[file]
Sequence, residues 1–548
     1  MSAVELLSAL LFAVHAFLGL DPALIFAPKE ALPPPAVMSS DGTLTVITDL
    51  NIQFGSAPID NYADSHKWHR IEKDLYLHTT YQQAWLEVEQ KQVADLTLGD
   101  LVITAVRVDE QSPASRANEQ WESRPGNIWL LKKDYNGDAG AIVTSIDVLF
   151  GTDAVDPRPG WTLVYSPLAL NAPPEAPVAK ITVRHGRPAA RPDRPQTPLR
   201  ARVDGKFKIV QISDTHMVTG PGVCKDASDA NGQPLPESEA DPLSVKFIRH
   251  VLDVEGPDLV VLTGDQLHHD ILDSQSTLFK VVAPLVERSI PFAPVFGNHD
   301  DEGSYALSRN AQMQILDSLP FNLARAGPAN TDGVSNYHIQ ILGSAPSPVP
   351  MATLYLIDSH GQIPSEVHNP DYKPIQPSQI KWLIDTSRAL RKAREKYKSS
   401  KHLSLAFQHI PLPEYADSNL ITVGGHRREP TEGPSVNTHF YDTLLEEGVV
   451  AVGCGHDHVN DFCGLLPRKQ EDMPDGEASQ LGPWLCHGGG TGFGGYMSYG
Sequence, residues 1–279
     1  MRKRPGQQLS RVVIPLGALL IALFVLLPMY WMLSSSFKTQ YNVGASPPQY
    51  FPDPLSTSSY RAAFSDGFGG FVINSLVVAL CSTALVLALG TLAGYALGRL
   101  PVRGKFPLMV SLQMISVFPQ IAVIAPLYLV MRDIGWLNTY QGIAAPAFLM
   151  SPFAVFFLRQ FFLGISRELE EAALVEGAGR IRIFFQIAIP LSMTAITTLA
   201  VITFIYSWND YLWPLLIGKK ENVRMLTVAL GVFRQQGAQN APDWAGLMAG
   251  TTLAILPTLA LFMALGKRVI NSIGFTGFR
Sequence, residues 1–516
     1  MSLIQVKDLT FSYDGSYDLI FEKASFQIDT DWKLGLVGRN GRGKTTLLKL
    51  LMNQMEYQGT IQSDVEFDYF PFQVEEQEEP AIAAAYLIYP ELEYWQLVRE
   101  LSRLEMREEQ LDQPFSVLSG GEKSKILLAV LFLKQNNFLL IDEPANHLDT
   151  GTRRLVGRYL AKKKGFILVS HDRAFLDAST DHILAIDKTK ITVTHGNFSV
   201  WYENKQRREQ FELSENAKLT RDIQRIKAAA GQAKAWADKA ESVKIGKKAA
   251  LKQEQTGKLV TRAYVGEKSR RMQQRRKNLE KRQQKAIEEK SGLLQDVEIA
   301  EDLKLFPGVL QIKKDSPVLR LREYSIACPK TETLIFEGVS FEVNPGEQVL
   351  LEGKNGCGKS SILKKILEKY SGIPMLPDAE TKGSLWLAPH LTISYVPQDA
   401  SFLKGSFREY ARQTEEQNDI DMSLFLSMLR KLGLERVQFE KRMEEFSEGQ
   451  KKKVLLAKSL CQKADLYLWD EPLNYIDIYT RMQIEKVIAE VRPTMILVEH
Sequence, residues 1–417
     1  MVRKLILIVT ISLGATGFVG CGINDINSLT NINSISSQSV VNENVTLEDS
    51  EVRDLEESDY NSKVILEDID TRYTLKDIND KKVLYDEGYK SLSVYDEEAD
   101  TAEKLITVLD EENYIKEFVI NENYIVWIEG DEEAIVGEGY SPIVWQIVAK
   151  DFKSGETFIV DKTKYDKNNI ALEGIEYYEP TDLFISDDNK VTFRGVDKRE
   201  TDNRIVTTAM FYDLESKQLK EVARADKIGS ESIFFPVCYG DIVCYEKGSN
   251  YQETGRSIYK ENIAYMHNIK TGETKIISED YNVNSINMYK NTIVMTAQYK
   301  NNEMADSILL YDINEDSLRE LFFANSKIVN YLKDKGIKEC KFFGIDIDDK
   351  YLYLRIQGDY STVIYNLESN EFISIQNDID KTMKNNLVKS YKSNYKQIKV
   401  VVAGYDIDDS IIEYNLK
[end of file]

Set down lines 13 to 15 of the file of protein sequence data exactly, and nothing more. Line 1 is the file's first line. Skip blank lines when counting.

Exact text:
     1  MRKRPGQQLS RVVIPLGALL IALFVLLPMY WMLSSSFKTQ YNVGASPPQY
    51  FPDPLSTSSY RAAFSDGFGG FVINSLVVAL CSTALVLALG TLAGYALGRL
   101  PVRGKFPLMV SLQMISVFPQ IAVIAPLYLV MRDIGWLNTY QGIAAPAFLM